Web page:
Posted by: Dr P | April 29, 2010

Date Night

The Fosters are your typical middle class American married couple. They’re happy in their own lives, the kids are cute, their jobs go well … but the spark’s starting to die. Even their regular “date night” has become dull and predictable. So when they head off to New York City and gatecrash an exclusive seafood restaurant by – gasp – stealing the reservation of no-show couple “the Tripplehorns”, the events that unfold lead them on a wild ride that certainly adds a bit of zing and danger back to their lives.

I say “gasp” there, as one of the most-repeated themes of the film is everyone’s outrage at the fact that this average Joe couple have had the audacity – nay the outrageous cheek – to steal a New York City dinner reservation. Mind you, having once spent 45 minutes at the bar in Bolton’s Frankie and Benny’s, I have to say how annoying it is when you don’t get a table sharpish … and therein lies part of the problem with this film – it relies on cliche and small laughs rather than a consistently funny script. Tina Fey and Steve Carell are both highly experienced comedians with a deft touch and a happy knack of being both eminently watchable and downright funny. Sadly, the material they’re given here is mediocre at best. But that’s not to say the film is poor, it’s actually quite fun, in a way that would have worked just as well as a small screen rom-com or a straight to DVD release.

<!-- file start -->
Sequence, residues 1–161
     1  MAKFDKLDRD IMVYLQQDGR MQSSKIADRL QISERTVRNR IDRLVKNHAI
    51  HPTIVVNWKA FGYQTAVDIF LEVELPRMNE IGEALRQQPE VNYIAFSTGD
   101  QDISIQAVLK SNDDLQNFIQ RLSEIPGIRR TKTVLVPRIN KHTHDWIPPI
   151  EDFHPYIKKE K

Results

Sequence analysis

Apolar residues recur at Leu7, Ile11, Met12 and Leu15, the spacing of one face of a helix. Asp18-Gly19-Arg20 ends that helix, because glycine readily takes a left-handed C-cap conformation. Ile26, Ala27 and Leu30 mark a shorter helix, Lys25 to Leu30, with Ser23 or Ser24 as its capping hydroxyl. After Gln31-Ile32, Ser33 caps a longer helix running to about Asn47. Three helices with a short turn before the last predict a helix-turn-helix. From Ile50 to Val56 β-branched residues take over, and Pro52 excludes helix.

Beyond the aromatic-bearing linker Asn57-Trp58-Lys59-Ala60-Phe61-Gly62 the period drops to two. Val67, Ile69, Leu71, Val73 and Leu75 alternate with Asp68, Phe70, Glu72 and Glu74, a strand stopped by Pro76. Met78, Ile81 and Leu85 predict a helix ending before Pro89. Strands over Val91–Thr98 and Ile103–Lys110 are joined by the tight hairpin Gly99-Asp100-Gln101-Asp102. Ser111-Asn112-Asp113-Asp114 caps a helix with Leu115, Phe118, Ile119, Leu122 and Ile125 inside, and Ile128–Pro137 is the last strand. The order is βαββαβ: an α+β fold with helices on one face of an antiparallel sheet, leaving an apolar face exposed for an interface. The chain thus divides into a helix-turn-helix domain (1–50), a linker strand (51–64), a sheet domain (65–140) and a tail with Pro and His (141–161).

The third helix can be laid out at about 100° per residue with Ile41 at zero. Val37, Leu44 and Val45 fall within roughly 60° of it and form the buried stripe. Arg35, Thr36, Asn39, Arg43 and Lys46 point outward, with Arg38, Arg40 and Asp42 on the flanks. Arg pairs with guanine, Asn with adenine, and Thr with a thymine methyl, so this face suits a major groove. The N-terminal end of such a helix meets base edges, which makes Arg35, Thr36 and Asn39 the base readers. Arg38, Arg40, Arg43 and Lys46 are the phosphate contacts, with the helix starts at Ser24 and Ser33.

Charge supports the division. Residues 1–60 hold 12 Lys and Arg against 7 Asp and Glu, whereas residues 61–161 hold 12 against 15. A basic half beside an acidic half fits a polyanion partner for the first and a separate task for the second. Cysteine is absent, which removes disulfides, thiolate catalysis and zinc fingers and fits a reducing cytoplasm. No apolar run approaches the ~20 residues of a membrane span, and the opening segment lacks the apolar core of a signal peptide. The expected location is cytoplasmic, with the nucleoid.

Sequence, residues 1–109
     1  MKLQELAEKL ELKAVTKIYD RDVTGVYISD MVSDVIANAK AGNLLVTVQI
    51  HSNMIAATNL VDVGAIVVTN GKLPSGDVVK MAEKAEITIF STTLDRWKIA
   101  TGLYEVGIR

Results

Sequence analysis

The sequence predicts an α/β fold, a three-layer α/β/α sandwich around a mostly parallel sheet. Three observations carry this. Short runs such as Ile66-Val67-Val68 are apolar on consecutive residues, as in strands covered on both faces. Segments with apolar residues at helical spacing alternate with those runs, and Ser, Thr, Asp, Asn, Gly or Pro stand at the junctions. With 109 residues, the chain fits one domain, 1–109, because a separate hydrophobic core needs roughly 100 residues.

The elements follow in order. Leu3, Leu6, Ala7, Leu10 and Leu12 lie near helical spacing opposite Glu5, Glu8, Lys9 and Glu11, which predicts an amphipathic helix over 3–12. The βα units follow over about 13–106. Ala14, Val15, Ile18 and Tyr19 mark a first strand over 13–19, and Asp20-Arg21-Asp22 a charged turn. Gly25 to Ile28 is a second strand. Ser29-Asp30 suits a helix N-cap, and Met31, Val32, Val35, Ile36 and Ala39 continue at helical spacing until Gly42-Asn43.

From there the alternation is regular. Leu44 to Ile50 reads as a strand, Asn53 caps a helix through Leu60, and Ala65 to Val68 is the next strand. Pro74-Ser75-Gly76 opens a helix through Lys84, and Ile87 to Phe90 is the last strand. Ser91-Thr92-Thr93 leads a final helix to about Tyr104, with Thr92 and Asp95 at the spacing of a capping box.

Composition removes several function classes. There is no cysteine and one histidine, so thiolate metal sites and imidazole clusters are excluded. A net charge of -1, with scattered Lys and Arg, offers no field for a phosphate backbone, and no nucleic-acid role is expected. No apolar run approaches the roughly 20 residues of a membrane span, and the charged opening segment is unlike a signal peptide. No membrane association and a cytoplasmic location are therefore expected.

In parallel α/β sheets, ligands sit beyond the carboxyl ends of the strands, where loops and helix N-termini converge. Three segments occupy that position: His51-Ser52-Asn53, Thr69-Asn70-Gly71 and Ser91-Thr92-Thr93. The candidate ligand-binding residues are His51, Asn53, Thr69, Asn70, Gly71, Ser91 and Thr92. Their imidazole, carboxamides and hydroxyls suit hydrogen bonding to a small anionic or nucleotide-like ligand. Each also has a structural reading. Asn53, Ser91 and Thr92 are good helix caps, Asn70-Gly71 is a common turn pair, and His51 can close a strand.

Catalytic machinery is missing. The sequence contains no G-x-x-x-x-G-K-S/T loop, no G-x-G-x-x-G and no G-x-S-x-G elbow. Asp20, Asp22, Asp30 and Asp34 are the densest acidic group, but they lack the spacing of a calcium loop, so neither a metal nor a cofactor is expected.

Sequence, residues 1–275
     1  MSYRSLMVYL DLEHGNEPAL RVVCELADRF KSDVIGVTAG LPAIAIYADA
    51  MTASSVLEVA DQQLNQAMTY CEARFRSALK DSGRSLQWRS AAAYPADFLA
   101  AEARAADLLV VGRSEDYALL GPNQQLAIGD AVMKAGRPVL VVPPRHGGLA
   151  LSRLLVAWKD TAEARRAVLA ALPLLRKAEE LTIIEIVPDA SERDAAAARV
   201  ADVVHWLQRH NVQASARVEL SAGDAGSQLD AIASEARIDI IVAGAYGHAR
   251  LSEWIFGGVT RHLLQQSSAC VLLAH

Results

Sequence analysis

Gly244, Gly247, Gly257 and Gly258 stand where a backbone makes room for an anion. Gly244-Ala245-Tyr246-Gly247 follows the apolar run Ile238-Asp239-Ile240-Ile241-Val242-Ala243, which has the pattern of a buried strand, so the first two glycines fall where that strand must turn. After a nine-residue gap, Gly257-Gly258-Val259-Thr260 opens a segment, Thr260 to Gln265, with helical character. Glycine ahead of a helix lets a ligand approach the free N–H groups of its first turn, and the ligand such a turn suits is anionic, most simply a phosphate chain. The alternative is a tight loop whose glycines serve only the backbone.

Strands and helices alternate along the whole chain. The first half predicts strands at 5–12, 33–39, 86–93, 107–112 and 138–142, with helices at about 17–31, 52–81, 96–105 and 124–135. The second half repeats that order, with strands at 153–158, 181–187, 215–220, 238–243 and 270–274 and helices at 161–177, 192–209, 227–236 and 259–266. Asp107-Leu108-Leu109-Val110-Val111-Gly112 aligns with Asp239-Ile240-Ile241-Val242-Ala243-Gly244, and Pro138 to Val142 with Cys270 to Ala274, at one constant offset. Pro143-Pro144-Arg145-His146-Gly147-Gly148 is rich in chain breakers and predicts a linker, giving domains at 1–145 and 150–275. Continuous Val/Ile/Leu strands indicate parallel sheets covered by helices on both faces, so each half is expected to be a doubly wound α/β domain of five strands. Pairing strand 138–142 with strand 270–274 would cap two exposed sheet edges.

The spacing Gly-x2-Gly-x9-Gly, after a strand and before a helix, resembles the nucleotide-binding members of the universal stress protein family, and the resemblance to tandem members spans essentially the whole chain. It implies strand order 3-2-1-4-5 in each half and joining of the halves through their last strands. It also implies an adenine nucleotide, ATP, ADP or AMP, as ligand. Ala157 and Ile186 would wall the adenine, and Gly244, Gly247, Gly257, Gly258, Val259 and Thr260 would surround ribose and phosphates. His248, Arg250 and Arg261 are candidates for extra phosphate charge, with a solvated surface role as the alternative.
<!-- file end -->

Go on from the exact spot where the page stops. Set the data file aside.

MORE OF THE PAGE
The Fosters find themselves drawn into a backstory in which “the Tripplehorns” (an alias cooked up on the grounds of the male partner being a fan of Jeanne Tripplehorn – hoo yes indeed) are blackmailing a major city figure, and this brings in all manner of supporting folk, including a pair of corrupt cops, the mayor, a local mob boss and even their calculating babysitter, who demands huge amounts when she discovers the kids are potentially in danger as well.

Essentially it’s a film about mistaken identity and how a tiny little lie can spiral hugely out of control. Tut tut. Rather than directly telling the police exactly what’s going on, the Fosters take it upon themselves to try and solve the problem and not only uncover the blackmail plot but then try and fix it all themselves. Seems a little bit silly. It’s kind of like saying “yeah I’ll have the caesar salad … oh what the hell, bring me the entire menu”. An example of this is when Steve Carell’s character Phil “borrows” a flashy sports car, there’s a whole scene in which he can’t get to grips with the gears and the controls … and then a minute later he’s pulling off complex evasive manoeuvres that wouldn’t have been out of place in The Fast and the Furious.

There are two standout bits of the film. The first is Mark Wahlberg’s character Holbrooke Grant, a former client of Claire Foster and someone they turn to in a moment of crisis. We all know that Marky Mark’s a pretty handsome guy … and this is played up to the max as he spends the entire movie shirtless. This does prompt Carell to bark the line “for the LOVE OF GOD will you PLEASE put ON a SHIRT”, which doesn’t seem especially funny out of context but is one of the better moments. Anyway, Wahlberg plays a decent cameo, and is engaging and watchable (no doubt even more so for the ladies). He also has an Israeli girlfriend, and their banter is especially amusing.

The second scene I liked is a minor classic. The Fosters wind up having to “perform” for the blackmailee at a seedy club – in order for them to get a minute of his time, they have to engage in some pole dancing, and this allows the central duo to really go to town with some stupendously silly antics which I laughed out loud at more than once. Very good indeed.

The plot’s resolved nicely and all ends as we might expect, back in suburbia. It’s an enjoyable enough hour and a half, but not something you should go out of your way to see. Probably best to wait for the DVD release unless you’re an especially big fan of Carell or Fey, or even Marky Mark’s jiggling pecs …


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